Which language?

HOME > Why learn languages early? > Which language? > Our approach > UK policy

How to order
Catalogue request
What's in a pack?
Big Book CD-ROMs
EURO Play-money
Our approach
Which language?
Visiting northern France
Contact us

About 80% of UK primary schools that currently teach any foreign language teach French.
Is such concentration a good thing?

Should you look at teaching more than one language in primary school?

Which are Europe's most-talked languages?

( based on a contribution by Graham Davies to LinguanetForum, 25 August 2006)

Which iwestern European language gives you most people to speak to?

A survey in 2005 of languages spoken by people in the European Union (EU) + candidate coountries (Bulgaria, Romania, Croatia and Turkey) asked EU citizens which language they spoke as their Mother Tongue (MT) and first Foreign Language (FL).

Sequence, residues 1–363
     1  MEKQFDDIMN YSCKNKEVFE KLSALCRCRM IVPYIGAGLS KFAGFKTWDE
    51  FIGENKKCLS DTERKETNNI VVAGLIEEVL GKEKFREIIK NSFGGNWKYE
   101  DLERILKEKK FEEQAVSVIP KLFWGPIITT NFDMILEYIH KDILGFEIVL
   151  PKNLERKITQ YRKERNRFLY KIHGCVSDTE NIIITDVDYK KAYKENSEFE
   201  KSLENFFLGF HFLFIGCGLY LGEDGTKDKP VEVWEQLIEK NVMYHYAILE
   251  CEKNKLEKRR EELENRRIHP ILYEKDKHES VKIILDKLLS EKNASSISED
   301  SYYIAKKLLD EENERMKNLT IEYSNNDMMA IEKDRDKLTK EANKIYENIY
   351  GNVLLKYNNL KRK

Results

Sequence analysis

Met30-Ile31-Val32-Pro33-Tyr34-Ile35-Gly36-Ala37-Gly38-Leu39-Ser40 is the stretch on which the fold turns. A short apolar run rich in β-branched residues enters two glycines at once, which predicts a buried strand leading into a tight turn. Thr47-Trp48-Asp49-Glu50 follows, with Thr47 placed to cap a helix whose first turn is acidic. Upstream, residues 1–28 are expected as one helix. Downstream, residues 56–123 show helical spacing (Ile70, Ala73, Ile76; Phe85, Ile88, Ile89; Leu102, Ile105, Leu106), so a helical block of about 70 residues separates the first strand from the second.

The figures for the main languages are:

English: 51% (MT 13%, FL 38%)

German: 32% (MT 18%, FL 14%)

French: 25% (MT 12%, FL 13%)

Italian: 16% (MT 13%, FL 3%)

Spanish: 15% (MT 9%, FL 6%)

This Eurobarometer survey was published in February 2006.

Source: http://ec.europa.eu/public_opinion/archives/ebs/ebs_243_en.pdf

Overall English is spoken almost everywhere in the countries surveyed - generally by younger, better educated people.

There are more German MT speakers, followed by English and Italian speakers. Italian speakers are concentrated in and around Italy, while German speakers are spread more widely.

Studying languages at school

Overall, 77% of European citizens considered that children should learn English as their first FL. Only the UK, Ireland (64%) and Luxembourg (8%) considered French to be the first FL that children should learn.

When asked which two FLs UK children should learn at school, UK citizens answered: